When does family banter become family bullying?

When does family banter become family bullying?

Jokes and teasing are common in most close family relationships, but when they hit a nerve they can cause low self-esteem. We’ve put together a common-sense checklist to help you keep the family comedians under control and stop young people feeling picked on.

Casual comments can cause profound problems

Joking and teasing probably aren’t top of your list of family issues. But as your child becomes a teenager they will naturally become more sensitive to comments about the way they look. And family members may not realise the impact of their words.

“Hasn’t so-and-so filled out?”

“Soon you’ll be bigger than your mum!”

“Oh, that puppy fat is so cute.”

“Don’t you think you should start watching what you eat?”

Sound familiar? Even playful teasing from loved ones about appearance can have a deep impact, damaging young people's confidence long term. 

Even playful words can be hurtful

“Young people who experience criticism or teasing about their appearance from family members are more likely to try to control their weight and eat in an unhealthy way, be dissatisfied with their body, compare themselves with friends, obsess over their looks, have lower self-esteem and more depression than those who aren’t teased,” says Dr Phillippa Diedrichs of the Centre for Appearance Research.

On the flipside, supportive and warm family dynamics have a positive effect on young people's body image and body satisfaction. So what’s the best way to handle the situation?

Taking action on family banter

Coming up with coping strategies for your child to use when faced with family teasing is the first step. It may be as simple as ignoring unhelpful comments, or something more overt like confronting the person making the remarks to let them know how it feels when they tease. 

Carol, mum to 12-year-old Isobel, went for the simple approach when family members began teasing Isobel for being skinny and saying she should eat more. “I assured them that she does eat but that she is the size she is, and teasing her is not going to help,” says Carol. “Then I talked to Isobel, saying that she shouldn’t take those comments to heart. I reassured her that as long as she is happy and healthy that’s all that matters.”

By acknowledging the hurtfulness of appearance-related teasing, actively discouraging it and helping your child develop techniques to deal with it, you will be nurturing and protecting their positive body confidence.

Use our action checklist to get your family to cut out the banter and give your son or daughter the support they need.

To protect privacy we’ve changed the names of people whose stories we tell on these pages, but their stories are genuine.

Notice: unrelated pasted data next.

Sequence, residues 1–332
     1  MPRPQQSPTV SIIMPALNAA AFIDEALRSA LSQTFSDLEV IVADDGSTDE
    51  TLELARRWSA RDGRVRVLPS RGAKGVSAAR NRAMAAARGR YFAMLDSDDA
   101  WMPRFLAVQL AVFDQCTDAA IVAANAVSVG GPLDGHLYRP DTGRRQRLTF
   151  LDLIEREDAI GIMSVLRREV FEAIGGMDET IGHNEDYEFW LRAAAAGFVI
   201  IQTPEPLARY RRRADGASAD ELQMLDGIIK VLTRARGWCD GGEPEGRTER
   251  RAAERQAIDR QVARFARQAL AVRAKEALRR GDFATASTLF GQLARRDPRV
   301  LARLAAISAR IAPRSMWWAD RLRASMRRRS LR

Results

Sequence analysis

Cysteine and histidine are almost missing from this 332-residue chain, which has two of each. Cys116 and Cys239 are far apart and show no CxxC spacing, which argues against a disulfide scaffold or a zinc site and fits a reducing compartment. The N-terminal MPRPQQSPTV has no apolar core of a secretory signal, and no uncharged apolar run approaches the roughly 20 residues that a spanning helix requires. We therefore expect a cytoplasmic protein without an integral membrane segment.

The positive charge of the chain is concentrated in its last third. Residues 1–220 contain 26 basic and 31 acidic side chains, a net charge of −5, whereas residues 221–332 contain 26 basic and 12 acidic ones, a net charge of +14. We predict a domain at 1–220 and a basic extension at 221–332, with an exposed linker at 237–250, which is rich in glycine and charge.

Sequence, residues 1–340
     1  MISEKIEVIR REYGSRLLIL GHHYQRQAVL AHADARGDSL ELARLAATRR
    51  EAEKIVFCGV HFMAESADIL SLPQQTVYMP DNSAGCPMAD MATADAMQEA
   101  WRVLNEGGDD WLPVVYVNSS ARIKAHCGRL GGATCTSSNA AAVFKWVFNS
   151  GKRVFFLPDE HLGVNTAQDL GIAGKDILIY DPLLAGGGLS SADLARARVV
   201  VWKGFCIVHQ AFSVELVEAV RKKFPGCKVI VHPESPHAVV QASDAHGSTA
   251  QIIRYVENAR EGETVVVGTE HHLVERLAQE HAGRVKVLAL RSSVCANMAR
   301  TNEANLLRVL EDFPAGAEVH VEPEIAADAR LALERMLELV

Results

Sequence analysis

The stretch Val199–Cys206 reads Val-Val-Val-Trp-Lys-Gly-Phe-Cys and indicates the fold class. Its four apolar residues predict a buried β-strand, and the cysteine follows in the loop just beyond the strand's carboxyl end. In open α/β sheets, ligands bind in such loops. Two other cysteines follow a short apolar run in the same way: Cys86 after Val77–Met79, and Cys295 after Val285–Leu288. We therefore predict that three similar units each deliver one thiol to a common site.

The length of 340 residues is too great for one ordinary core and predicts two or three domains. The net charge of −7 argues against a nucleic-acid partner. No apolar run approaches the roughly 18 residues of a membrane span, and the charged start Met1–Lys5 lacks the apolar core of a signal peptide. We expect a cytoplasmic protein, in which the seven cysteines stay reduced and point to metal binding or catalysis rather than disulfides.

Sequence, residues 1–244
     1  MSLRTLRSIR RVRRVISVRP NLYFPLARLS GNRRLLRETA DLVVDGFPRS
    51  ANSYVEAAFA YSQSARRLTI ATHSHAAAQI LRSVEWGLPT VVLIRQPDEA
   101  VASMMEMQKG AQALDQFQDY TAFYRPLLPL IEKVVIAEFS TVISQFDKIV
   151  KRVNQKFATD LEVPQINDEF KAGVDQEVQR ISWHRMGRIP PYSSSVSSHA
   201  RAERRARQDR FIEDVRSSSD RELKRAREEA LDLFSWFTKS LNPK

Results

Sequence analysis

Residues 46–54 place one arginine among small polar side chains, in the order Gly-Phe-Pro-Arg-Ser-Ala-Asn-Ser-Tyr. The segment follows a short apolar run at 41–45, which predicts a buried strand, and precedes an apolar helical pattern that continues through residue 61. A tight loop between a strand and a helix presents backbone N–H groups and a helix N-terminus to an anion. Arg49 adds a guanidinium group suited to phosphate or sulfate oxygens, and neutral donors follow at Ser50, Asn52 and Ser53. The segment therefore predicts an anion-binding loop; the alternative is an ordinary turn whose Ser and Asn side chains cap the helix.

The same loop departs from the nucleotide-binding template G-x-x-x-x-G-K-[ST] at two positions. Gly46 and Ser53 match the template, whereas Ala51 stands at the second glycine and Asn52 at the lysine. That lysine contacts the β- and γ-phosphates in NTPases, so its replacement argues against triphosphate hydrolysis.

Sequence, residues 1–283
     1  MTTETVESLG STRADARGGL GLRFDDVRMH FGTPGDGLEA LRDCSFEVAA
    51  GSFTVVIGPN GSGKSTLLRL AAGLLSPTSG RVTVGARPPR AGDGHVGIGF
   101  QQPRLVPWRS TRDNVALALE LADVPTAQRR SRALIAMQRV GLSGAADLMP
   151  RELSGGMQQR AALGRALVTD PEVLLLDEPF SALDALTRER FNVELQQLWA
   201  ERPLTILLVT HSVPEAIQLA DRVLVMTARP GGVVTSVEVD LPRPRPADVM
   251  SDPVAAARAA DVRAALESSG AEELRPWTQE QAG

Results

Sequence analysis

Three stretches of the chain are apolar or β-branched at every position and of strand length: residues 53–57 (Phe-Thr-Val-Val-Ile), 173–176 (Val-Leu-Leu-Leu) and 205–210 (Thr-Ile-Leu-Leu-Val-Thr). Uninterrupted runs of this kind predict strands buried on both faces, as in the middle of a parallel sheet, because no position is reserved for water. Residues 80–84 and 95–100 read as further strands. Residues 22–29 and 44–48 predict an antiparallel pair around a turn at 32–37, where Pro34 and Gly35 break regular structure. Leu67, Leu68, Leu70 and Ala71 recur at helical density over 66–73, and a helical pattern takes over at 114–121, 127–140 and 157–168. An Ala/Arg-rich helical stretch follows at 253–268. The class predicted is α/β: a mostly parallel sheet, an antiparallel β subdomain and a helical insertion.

• 1

    Look out for hurtful comments

    Be alert at family gatherings and conscious of any comments or conversations about weight, body shape, dieting or appearance that are negative or might make your child feel embarrassed or self-conscious

  • 2

    Step in to change the subject

    Try to steer the conversation elsewhere without making a fuss – you can approach individuals later if necessary. And check in with your child to let them know that those types of comments are not OK, that they are perfect just the way they are, and that you are there if they want to talk

  • 3

    Have a quiet word

    If someone in the family is continuing to tease your child (or someone else in front of your child) about their appearance or body, consider speaking with them in private. Don’t use language that is overly emotional or confrontational. Sometimes you will need to be subtle; other occasions may call for a more direct approach

  • 4

    Explain the situation

    Emphasise to family members the importance of avoiding talking about looks and placing too much emphasis on appearance. You may want to ask them not to comment on your child’s body or appearance at all

next steps

  • Support your child by sharing The Letter Challenge: dealing with bullies. Help them stand up to family teasing and boost their self-esteem
  • Use the action checklist to start a conversation with your child about how family influence, and how jokes and banter make them feel
  • Which comments from family members most upset your child? Is there anything your son or daughter is really sensitive about? Use what you learn to shape your conversation with other family members
  • Encourage your son or daughter to talk to their friends – shared experiences usually make jokey comments feel less personal and hurtful
  • Does your child have the courage to talk to the rest of the family about how their words make him or her feel?

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